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Andrew Byrne (1802–1862)

Andrew Byrne was the first Roman Catholic bishop of Little Rock (Pulaski County), a diocese which then and now encompasses the boundaries of the state of Arkansas. A prelate on the southern frontier, he had few Catholics in his ecclesiastical domain; nevertheless, he planted the Church so deeply that even his death, the Civil War, and the five-year absence of any bishop could not eradicate the faith.

Andrew Byrne was born in Navan, a town about forty miles northwest of Dublin, Ireland, the son of Robert and Margery Moore Byrne. There is no exact date of his birth on parish records, though they record that he was baptized on December 3, 1802; with his name being Andrew, he may have been born on November 30, the Catholic feast day for St. Andrew the Apostle. While a seminarian in Navan, he heard Bishop John England of Charleston, South Carolina, in a personal appearance at the seminary, asking for priests for his new American diocese. Answering the call, Byrne arrived in Charleston in the early 1820s. He completed his formation under Bishop England, who ordained him to the priesthood on November 11, 1827.

After first serving in North Carolina, Byrne became pastor of St. Mary’s Church in Charleston by 1830. In 1833, he accompanied Bishop England to Baltimore to the Second Provincial Council as the Vicar General for the Diocese of Charleston. For reasons unknown, Byrne left the Diocese of Charleston in 1836 and transferred to the Diocese of New York, where he distinguished himself as a preacher-pastor; acting as the founding pastor of St. Andrew’s Church in New York City in 1842.

Byrne’s abilities as pastor, his prior experience in the South, and a recommendation from Bishop John Hughes of New York made him an obvious choice for a new diocese on the southwestern frontier. After Pope Gregory XVI erected the Diocese of Little Rock on November 28, 1843, Byrne was consecrated as Arkansas’s first Catholic bishop on March 10, 1844, at the Old St. Patrick’s Cathedral. He arrived in Little Rock three months later, with just two other priests to minister to all of Arkansas.

Byrne quickly discovered that there was a Catholic church already built in Little Rock at northwestern corner of 7th and Louisiana, but the priest who had built it had taken the deed to the property and sold it to another priest in New Orleans. Byrne eventually acquired title to this land on August 13, 1851. By that time, he had raised funds to purchase a lot at 2nd and Center streets in Little Rock, where he erected and dedicated the first Cathedral of St. Andrew on November 1, 1846.

Throughout his eighteen years as Arkansas’s Catholic prelate, he never had more than ten priests working under him. He maintained the diocese with funds primarily from Austrian-based Leopoldine Society and the French-based Society for the Propagation of the Faith. From these and other funds, Byrne bought land and started the Catholic College of St. Andrew near present-day Fort Smith (Sebastian County). He traveled to Naas, Ireland, to persuade the Sisters of Mercy to locate a convent in Little Rock. In 1851, the sisters opened what was then known as the Academy of St. Mary (now Mount St. Mary Academy), the oldest continuous educational institution in the state of Arkansas. By the start of the Civil War, the Mercy sisters had opened convent academies in Fort Smith and Helena (Phillips County).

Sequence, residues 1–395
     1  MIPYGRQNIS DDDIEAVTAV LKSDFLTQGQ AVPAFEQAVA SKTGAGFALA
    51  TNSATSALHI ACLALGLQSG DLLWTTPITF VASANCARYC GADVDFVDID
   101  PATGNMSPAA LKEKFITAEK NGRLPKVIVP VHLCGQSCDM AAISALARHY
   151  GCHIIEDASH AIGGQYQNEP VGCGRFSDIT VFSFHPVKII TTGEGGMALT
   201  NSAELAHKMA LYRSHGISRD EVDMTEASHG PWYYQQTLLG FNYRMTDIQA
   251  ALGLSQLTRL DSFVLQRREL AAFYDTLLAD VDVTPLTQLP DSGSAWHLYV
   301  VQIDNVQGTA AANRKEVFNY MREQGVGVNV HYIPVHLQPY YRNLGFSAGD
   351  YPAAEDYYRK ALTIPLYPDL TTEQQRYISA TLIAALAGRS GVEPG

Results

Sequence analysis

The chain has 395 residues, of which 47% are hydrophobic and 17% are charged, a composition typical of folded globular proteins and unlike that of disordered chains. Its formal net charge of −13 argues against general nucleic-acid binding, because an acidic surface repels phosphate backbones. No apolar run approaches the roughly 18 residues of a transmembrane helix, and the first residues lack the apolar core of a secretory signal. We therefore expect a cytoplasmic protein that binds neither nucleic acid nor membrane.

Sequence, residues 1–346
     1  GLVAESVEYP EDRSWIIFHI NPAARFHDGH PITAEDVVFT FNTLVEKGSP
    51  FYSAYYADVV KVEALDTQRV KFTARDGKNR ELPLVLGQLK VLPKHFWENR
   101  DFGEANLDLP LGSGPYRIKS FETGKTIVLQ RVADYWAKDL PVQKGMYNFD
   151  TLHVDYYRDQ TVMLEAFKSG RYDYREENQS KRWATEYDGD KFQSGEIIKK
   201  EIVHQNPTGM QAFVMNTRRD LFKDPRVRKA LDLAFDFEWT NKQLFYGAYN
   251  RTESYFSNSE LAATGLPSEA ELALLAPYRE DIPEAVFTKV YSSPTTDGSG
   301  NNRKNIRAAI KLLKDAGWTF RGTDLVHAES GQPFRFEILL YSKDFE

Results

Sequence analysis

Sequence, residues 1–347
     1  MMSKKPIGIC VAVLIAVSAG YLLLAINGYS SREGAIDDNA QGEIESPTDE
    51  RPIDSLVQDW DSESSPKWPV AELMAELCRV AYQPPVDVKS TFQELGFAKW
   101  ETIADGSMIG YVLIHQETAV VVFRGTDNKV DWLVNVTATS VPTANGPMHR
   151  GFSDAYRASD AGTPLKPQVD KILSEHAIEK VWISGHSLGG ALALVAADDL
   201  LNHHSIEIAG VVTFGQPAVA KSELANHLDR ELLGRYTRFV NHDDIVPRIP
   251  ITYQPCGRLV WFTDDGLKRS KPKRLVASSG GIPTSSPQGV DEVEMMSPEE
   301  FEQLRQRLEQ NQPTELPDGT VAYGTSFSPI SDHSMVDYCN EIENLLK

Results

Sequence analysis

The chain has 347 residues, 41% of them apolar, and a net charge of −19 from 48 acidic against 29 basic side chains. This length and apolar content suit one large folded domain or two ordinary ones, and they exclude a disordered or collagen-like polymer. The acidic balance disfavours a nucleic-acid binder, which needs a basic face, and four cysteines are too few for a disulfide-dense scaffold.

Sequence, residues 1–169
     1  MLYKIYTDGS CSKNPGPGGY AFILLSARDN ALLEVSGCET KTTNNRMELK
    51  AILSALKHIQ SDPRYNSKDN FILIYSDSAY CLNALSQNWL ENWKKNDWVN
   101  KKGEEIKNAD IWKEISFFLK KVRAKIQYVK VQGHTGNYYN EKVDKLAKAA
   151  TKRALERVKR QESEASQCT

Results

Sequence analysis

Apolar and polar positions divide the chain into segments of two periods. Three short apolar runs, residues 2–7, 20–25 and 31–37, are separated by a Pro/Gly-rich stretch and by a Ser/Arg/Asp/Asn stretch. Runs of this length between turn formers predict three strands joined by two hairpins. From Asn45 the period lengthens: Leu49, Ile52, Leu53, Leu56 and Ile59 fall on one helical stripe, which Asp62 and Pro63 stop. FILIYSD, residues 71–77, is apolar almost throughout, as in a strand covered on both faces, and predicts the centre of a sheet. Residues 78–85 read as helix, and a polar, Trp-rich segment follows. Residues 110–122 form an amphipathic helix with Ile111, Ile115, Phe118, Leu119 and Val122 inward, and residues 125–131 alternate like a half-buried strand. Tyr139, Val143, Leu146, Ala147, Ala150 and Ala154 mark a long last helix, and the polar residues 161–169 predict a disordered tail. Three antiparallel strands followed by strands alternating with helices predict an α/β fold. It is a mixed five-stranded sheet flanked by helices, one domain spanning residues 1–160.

During the nativistic, anti-Catholic Know Nothing uproar, Byrne studiously avoided political disputes. He never owned slaves, and his correspondence reveals no opinion on the issue. Like most southern Catholic prelates, Byrne probably saw slavery as political issue, not one of moral or religious concern. In 1850, the Diocese of Little Rock was attached to the newly created ecclesiastical province of New Orleans. With bishops from Mississippi, Alabama, Texas, and northern Louisiana, Byrne attended provincial councils in New Orleans in 1856 and 1860.

Byrne worked diligently to attract Catholic immigrants and clergy to Arkansas, especially from his famine-stricken birthplace, Ireland. Still, by 1860, Catholics still numbered just one percent of the white population, and less than one half of one percent of the total population. The Civil War closed his College of St. Andrew in 1861 and disrupted international communications, making it difficult for the Arkansas bishop to secure needed funds from Europe.

Byrne died in Helena on June 10, 1862, at St. Catherine’s Convent, exhausted from his missionary labors in a poor diocese on the southern frontier. He was buried initially in the Mercy Sisters convent garden in Helena, but Bishop Edward M. Fitzgerald, his successor, had his remains placed in crypt in his new Cathedral of St. Andrew in Little Rock on November 30, 1881.

For additional information:
Archives of the Archdiocese of New Orleans. Old Ursuline Convent, New Orleans, Louisiana.

Archives of the Diocese of Little Rock. St. John’s Catholic Center, Little Rock, Arkansas.

“Death of Bishop Byrne.” Arkansas Gazette. June 28, 1862, p. 2.

Woods, James M. Mission and Memory: A History of the Catholic Church in Arkansas. Little Rock: August House, 1993.

James M. Woods
Georgia Southern University

Last Updated 11/14/2014

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